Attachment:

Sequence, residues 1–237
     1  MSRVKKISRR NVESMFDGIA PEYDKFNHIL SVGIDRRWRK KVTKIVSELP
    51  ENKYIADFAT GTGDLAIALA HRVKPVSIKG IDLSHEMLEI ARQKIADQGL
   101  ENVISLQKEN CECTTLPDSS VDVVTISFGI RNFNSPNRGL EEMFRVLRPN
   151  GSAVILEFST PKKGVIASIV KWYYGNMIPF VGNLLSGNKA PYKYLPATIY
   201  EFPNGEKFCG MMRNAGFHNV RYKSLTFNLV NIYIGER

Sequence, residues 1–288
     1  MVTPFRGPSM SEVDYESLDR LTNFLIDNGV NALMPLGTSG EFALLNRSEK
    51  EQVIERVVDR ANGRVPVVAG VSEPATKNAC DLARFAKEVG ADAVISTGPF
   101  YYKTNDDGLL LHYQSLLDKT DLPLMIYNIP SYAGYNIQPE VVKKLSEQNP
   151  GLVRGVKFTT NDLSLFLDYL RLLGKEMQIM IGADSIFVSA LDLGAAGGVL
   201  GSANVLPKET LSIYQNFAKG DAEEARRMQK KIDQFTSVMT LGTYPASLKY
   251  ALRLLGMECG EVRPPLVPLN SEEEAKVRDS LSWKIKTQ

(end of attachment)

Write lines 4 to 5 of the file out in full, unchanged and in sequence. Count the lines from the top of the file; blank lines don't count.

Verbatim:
   101  ENVISLQKEN CECTTLPDSS VDVVTISFGI RNFNSPNRGL EEMFRVLRPN
   151  GSAVILEFST PKKGVIASIV KWYYGNMIPF VGNLLSGNKA PYKYLPATIY